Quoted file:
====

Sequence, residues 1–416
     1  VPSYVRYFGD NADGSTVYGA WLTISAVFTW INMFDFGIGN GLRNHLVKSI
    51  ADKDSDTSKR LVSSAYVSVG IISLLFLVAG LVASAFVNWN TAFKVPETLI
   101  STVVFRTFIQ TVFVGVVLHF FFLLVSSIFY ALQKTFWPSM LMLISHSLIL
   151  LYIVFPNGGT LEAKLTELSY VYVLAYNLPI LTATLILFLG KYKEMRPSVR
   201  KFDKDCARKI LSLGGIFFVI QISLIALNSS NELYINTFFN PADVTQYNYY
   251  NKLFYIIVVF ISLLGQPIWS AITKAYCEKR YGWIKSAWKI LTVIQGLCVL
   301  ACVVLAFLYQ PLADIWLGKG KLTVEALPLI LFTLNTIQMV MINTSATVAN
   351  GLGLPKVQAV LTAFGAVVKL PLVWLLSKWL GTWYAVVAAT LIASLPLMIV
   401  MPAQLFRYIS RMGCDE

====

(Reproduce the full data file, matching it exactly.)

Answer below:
Sequence, residues 1–416
     1  VPSYVRYFGD NADGSTVYGA WLTISAVFTW INMFDFGIGN GLRNHLVKSI
    51  ADKDSDTSKR LVSSAYVSVG IISLLFLVAG LVASAFVNWN TAFKVPETLI
   101  STVVFRTFIQ TVFVGVVLHF FFLLVSSIFY ALQKTFWPSM LMLISHSLIL
   151  LYIVFPNGGT LEAKLTELSY VYVLAYNLPI LTATLILFLG KYKEMRPSVR
   201  KFDKDCARKI LSLGGIFFVI QISLIALNSS NELYINTFFN PADVTQYNYY
   251  NKLFYIIVVF ISLLGQPIWS AITKAYCEKR YGWIKSAWKI LTVIQGLCVL
   301  ACVVLAFLYQ PLADIWLGKG KLTVEALPLI LFTLNTIQMV MINTSATVAN
   351  GLGLPKVQAV LTAFGAVVKL PLVWLLSKWL GTWYAVVAAT LIASLPLMIV
   401  MPAQLFRYIS RMGCDE